Decolonial Gardening: Libby Harward’s Ngali Ngariba at Gropius Bau

Inside and outside

A terrarium is a world under a dome. Planted in a small scoop of aerated, moss-covered soil, terraria inhabitants live their lives in a self-sustaining bubble. The glass architecture enables a balanced microenvironment, regulating the conditions essential to vegetal needs, while offering protection from the many elemental, animal and human forces that can take a tender plant’s life. The terrarium, however, takes something from the plant: its freedom, since growth is forever dictated by the limits of its walls. The shield, in other words, is also a prison.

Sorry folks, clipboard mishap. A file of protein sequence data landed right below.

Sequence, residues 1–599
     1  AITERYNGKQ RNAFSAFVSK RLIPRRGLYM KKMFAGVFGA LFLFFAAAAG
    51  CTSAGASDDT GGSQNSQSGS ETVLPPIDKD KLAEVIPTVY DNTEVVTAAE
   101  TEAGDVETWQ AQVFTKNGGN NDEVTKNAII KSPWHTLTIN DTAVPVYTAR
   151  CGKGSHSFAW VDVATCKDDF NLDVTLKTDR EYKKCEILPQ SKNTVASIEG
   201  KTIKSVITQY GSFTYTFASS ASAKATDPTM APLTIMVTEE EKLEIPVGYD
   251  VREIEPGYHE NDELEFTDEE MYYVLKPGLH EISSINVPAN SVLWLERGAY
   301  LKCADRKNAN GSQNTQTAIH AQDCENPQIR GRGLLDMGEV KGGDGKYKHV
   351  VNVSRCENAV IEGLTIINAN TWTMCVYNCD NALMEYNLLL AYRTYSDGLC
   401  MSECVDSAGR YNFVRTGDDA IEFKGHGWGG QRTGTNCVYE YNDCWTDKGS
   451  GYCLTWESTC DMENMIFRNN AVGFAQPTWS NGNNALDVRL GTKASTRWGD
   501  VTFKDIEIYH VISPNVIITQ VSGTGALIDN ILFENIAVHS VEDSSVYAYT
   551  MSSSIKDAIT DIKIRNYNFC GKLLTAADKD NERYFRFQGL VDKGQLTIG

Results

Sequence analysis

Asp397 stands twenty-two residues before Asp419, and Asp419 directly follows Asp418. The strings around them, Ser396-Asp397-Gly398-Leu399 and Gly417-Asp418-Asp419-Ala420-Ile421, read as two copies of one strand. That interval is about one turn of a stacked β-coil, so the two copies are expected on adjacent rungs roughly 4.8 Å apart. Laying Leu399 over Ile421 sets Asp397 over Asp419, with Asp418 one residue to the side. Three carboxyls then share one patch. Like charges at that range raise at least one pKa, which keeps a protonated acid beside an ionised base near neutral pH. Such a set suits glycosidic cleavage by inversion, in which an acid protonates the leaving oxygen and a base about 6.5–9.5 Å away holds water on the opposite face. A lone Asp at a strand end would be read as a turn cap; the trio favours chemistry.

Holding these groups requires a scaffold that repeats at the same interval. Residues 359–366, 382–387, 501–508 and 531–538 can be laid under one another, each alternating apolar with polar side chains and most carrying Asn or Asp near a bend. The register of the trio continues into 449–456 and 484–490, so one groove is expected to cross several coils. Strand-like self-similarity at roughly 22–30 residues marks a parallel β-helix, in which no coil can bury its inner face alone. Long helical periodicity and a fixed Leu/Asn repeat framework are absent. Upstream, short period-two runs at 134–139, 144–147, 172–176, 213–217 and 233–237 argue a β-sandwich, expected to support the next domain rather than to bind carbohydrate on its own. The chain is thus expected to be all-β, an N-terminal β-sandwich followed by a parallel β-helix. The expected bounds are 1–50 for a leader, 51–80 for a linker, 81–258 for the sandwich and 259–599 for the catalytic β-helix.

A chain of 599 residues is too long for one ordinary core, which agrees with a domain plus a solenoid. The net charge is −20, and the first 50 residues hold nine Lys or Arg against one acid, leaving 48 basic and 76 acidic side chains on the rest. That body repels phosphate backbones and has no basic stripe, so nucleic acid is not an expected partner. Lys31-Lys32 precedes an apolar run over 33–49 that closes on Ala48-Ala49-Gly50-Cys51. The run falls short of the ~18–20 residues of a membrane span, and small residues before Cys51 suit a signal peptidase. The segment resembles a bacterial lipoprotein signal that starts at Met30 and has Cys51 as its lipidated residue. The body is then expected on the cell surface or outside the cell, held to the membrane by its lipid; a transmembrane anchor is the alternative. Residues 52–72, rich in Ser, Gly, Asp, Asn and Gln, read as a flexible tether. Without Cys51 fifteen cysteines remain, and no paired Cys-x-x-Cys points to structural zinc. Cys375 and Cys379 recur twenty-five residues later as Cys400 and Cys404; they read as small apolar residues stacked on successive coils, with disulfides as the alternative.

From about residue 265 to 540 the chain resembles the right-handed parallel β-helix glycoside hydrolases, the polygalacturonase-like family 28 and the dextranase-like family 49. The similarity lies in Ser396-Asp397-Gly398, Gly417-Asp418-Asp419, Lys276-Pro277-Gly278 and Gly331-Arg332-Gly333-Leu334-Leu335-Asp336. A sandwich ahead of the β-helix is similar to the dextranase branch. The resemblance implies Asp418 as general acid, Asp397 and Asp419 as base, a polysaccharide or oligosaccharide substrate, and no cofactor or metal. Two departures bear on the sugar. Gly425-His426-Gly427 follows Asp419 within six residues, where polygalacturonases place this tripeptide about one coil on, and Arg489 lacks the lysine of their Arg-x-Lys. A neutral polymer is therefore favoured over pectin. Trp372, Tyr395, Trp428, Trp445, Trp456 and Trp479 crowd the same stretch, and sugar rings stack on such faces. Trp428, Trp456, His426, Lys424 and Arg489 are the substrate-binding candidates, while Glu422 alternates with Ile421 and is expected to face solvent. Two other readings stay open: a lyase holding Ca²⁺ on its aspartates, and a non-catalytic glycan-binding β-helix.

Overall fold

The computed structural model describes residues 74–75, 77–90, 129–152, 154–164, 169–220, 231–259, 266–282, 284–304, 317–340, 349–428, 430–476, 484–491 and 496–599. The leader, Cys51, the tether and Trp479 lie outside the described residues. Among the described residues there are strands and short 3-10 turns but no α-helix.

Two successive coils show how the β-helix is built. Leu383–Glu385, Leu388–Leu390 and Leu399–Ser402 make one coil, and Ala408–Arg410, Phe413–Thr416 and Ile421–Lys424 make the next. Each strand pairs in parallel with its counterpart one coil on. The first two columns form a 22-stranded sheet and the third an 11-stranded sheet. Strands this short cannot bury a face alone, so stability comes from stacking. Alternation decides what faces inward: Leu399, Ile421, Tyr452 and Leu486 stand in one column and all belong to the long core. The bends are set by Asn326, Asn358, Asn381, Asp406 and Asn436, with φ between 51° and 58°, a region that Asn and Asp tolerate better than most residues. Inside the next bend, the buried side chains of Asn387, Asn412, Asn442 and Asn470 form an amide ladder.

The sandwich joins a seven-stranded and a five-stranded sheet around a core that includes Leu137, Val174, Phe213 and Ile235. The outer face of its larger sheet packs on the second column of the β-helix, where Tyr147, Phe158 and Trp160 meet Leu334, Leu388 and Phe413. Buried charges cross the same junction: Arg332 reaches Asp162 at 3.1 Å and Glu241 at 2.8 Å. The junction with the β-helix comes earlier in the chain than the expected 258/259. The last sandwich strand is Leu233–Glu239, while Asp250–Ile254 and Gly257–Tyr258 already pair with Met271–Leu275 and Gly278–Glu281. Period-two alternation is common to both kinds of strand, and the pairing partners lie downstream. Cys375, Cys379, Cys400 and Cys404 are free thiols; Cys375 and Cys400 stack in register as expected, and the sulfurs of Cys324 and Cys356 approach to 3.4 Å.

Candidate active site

A garden differs from a terrarium in its porosity, vulnerability and need for human attention. Mulching, weeding, feeding, watering, pruning and raking—practices that make the noun into a verb—are needed to maintain the garden’s distinction from wilderness. But the garden does share some features with the terrarium; as planted worlds, galleries of the chosen, they are defined by who is let in and who is kept out.



Title image:

Libby Harward
Ngali Ngariba – We Talk, 2019
Photograph: Mathias Voelzke. Courtesy of the artist

Danni Zuvela’s research-based practice encompasses writing, curating, installation and sound, and focuses on non-human subjectivity. Extending from Why Listen to Plants (2018), Zuvela’s most recent work, ORCHID HOUSE, explores the feelings of endangered swamp orchids in the former chain of lagoons now called the Gold Coast.